Jay: For CGT, the deadline is on the 30th day after the execution of the DOAS, for DST, it is on the 5th day of the month after the execution of the DOAS. Transfer Tax is due 60 days after the execution of the DOAS.
Are there penalties if the taxes are not paid on time?
Jay: Yes, a surcharge equal to 25% of the tax due is charged for late payments, plus 20% interest per year on any unpaid taxes, plus compromise penalty (if any, this depends on the BIR officer).
4. File a request for Certificate Authorizing Registration (CAR) at the BIR. This document is a certification proving that the transfer of property has been approved by the BIR and that the taxes due on the said property have already been paid. Hence, this document gives the RD the go signal to transfer the title to the seller’s name.
How long does it take to get the CAR?
Jay: After submission of all requirements, it would take at least 2 weeks, based on my own experience for properties in Antipolo and Quezon City.
Why is it necessary to have two photocopies of this certificate?
Jay: The buyer will need this if and when they decide to sell the property later on and transfer it to their buyer. The BIR will look for this when the buyer applies for the next CAR.
5. Go back to the Assessor’s office and pay the transfer taxes.
How much is the transfer tax?
Jay: This ranges from 0.25% to 0.75% (rate depends on the city/municipality where the property is located) of the selling price or zonal value, whichever is higher.
Are there any documents needed to pay this tax?
Jay: Yes of course- Certificate Authorizing Registration from the Bureau of Internal Revenue; Realty tax clearance from the Treasurer’s Office; and the Official receipt of the Bureau of Internal Revenue (for documentary stamp tax). Please refer to the article, “What is Transfer Tax” at foreclosurephilippines.com for more information.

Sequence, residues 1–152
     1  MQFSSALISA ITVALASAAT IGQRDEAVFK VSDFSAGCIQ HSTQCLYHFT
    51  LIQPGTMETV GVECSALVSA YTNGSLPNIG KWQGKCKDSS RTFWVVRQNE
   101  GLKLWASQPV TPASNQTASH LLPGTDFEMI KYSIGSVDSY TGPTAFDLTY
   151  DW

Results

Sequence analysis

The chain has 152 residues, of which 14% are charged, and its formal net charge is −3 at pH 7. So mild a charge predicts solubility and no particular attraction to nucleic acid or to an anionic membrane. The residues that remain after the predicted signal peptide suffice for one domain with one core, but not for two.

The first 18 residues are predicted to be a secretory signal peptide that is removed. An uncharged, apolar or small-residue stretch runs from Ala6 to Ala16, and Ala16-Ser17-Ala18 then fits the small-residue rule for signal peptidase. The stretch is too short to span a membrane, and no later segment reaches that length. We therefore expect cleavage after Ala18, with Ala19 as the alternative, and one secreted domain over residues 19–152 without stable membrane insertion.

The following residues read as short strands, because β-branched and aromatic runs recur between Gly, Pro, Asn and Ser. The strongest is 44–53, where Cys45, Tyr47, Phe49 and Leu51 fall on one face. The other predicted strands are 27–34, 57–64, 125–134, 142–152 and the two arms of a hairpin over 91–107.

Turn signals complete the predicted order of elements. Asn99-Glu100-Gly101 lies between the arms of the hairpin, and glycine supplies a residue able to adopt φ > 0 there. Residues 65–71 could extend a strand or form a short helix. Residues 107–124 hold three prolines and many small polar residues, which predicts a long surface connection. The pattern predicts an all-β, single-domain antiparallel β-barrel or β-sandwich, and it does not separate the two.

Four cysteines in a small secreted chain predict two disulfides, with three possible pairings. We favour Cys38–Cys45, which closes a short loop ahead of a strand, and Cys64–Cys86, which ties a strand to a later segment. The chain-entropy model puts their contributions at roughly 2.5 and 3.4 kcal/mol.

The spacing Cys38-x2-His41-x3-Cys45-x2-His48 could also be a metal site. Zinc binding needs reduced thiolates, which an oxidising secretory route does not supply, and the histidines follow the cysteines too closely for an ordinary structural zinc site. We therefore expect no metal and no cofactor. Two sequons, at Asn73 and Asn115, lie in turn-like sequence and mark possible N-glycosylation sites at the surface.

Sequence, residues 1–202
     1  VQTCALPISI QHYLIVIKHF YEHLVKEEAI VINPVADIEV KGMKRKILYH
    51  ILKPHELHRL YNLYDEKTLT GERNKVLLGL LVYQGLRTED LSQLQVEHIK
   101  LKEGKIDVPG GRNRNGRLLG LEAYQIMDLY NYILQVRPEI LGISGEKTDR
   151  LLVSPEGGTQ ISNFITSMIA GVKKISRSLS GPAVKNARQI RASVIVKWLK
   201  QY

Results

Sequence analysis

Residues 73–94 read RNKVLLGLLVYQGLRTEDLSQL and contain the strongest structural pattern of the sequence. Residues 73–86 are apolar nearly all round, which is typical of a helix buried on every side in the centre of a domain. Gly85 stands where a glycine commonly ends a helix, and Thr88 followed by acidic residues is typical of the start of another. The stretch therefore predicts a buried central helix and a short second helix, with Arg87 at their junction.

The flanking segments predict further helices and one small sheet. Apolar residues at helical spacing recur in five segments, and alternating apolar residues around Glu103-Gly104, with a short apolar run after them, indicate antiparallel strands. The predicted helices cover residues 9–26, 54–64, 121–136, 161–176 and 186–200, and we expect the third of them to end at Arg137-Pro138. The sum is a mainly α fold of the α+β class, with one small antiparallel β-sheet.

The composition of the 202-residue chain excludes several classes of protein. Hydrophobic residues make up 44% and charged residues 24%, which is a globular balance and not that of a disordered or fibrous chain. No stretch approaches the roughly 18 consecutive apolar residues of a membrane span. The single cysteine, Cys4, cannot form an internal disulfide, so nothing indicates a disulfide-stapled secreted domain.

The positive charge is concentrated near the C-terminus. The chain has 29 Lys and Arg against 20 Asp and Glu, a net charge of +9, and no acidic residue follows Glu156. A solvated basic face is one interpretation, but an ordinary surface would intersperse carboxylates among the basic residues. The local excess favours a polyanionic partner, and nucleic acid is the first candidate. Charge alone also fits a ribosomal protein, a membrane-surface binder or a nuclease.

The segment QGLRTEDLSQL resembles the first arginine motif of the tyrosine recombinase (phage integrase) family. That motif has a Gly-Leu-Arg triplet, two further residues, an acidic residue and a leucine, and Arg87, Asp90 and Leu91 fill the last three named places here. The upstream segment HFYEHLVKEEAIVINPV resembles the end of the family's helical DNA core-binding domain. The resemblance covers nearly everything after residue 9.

6. Finally, go back to the Registry of Deeds and show the official receipts of the paid taxes from the BIR and Assessor’s office, and the Certificate Authorizing Registration. Pay the registration fee, which is based on graduated rates set by the LRA based on SP (ex. For a property with a selling price of 1 Million pesos, the registration fee is Php5,546).
How long does this process take?
Jay: Just recently, I submitted all requirements for the registration of the transfer of a title in QC last February 4, 2013, and was informed the new title will be ready for pickup on March 21, 2013, that’s 45 days just for the registration of the title and the release of a new one!
Any tips or pointers for people who will request for a transfer of certificate of title?
Jay: Just make sure all the required documents are complete and pay all taxes related to the transaction early to have time to correct and problems/deficiencies, don’t do it on the day of the deadline.
Is it easy to do this process on your own or would it be better to hire a broker/title company?
Jay: If you are patient enough to travel through traffic to go to the BIR, cityb hall, etc, then it would be okay to do this on your own.
How to determine if the Title Presented by the Seller is Authentic
Ask the seller for a copy of the certificate of title, then go to the Registry of Deeds and ask for a certified copy of the property’s title. The copy usually costs 100 pesos (2.5 USD), but that depends on the municipality or city where the property is located. Sometimes, it can take a few days to get this.
- Once you have the copy, check that all details on the certified copy and seller’s title are identical. Everything has to be identical, down to the last letter. If there are discrepancies, you should ask the seller to verify this.
- Check if the property has any liens, existing mortgage, property ownership claims, or restrictions.
Q&A and More tips from Jay…
What if the property is in a subdivision or gated community, is it okay if it has a lien?
Jay: It’s okay as long as the owner fully disclosed this and explains how it can be remedied. Better consult a lawyer that specializes in real estate or a knowledgeable real estate broker
- If a seller refuses to give you a copy of the title, walk away
- If several months have passed since you got a certified true copy of a title, make sure you get a new certified true copy before closing a deal, just to be sure there are no surprises.
- Always get a traceback to ensure the mother title has no problems.
|About Charley Mendoza|
|Based in Manila, Charley heads the Holiday Home Times’ editorial team in the Philippines. An experienced writer, she has been writing in-depth articles on the real estate and holiday home sectors for the last four years in some of the reputed publications of the Philippines. She can be contacted at: firstname.lastname@example.org. Connect with her at Google+|